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The Kindergarten Bully Who Wasn't

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My daughter’s face looked sad. She also looked confused. A typical departure from her missing-front-teeth grin I am normally greeted with when I pick her up from walk-up line after her Kindergarten day. The noise was too loud in the pick-up hallway to discuss what had happened, but as soon as we reached outside, she broke it down for me. She had been bullied. Not in a physical way and not in a need to call the school to share it with them way, but bullied, nonetheless.

Of course, my first mama-bear instinct was to find out who was bullying her and to confront them or their parent. Then I saw a red STOP sign and was reminded that this would be the wrong course of action to take. So–what was it that happened to my daughter and what did I do? I will share…

Apparently, my daughter had been eating some candy that was given to her by her teacher prior to entering the pick-up hallway. Although you are typically not allowed to eat while waiting for your parent, my daughter had her teacher’s permission to do so. Then, another Kindergartener, who I assume may have been jealous of the fact that my daughter had candy, bullied her. First, the little girl told her that she was not allowed to have the candy and that she was going to tell on her. To which my daughter responded, that she was allowed, because her teacher told her so. The next thing that was stated to her was that if she didn’t finish the candy her hand “right now”, that this little girl was going to “snatch it” from her and “shove it in her mouth”.

Seems so silly, right? A verbal confrontation between two five-year-olds over candy. But, it had my daughter worked up and after she shared it with me, it had me worked up. Why was I so riled up?

So, this is where we show our parenting colors. This is when we decide how we respond to our child and how we encourage them to respond to others, especially bullies. Here in front of me was my chance for a teaching moment and I did not want to screw it up and hopefully, I didn’t.

My daughter and I discussed how she handled things correctly by using her voice to respond while staying respectful. We also discussed how when the bully kept with it and started speaking even more rudely to her, she just stopped responding–another good choice. We also discussed other ways to handle tough situations, including telling a grown-up when the situation is so bad it is deemed necessary.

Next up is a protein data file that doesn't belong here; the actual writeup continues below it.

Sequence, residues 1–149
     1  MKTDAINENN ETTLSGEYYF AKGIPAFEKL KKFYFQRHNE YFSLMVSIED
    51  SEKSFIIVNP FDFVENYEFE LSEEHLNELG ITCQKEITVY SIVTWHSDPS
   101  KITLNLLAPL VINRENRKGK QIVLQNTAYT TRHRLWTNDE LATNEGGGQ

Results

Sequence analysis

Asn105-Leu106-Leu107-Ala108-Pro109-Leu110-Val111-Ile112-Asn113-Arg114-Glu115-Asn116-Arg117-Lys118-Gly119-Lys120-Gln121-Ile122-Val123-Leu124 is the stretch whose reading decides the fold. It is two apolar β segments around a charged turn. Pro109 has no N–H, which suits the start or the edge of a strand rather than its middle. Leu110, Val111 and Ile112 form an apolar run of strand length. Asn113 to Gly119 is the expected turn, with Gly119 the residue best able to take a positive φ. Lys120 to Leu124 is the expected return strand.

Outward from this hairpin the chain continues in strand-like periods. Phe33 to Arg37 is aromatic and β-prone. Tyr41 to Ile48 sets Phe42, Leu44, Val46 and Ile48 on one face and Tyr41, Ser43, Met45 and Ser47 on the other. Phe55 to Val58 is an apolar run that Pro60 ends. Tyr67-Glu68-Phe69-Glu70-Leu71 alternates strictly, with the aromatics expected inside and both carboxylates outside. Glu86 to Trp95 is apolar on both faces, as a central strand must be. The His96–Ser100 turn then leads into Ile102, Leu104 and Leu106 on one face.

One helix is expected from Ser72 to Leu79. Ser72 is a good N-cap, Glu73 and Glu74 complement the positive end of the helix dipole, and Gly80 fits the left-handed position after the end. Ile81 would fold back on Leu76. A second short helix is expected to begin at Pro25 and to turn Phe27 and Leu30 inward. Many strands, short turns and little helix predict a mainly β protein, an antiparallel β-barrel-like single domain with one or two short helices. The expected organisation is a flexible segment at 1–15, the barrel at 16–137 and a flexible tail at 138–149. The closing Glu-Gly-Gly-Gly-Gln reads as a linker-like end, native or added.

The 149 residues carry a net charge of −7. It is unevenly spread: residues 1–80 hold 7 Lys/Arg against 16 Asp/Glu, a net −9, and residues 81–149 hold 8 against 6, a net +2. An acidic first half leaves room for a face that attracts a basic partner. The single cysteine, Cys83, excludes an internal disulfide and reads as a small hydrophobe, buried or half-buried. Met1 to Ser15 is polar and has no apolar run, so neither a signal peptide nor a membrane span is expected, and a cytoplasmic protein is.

As we drove home, I began to wonder…was I wrong to call this girl a “bully”? Should I not have used that term to describe her? I even used some examples from kid shows for comparison to ensure that my daughter understood what I meant, i.e. “Two-Tall” from Berenstain Bears. Maybe this girl is not a bully. Maybe she was just a nice girl being a little mean, I wondered.

A timely article came out last week via Huffington Post by Signe Whitson, a child and adolescent therapist. In her article, Whitson voiced that “there is a real need to draw a distinction between behavior that is rude, behavior that is mean and behavior that is characteristic of bullying.” Her article goes on to emphasize the importance of us adults remembering to distinguish between the types of behavior, and teaching us that we should not term all rude and mean behavior as “bullying”.

Turns out, based on Whitson’s definition of all three aforementioned types of behavior, this little girl was just being mean to my daughter. Although being mean is wrong and mean behavior still requires correction, it is not bullying, Bullying is different and that should and needs to be understood.

So, ultimately, Mommy was wrong. I didn’t handle the situation in the best way. I gave a way too broad and inaccurate stereotype to this kindergartner girl who did not deserve to be deemed a “bully”. But, my daughter also did not deserve the mean comments thrown in her direction.

I guess overall she and I both learned from the incident that happened this week. I learned that I need to only use the term “bully” when it fits the action or the length of time the negative action has occurred. I also learned that my daughter was already self-aware and had enough confidence in herself to know when to shut down and stop responding to someone being mean to her.

My daughter and I spoke again about the whole incident and she learned that Mommy was wrong in calling that young girl a bully. Through this, she also learned that Mommy is not perfect; this mistake is proof of that. But, thats good. It is good for her to learn that people, her own mommy and that little girl included, both make mistakes. We all do.

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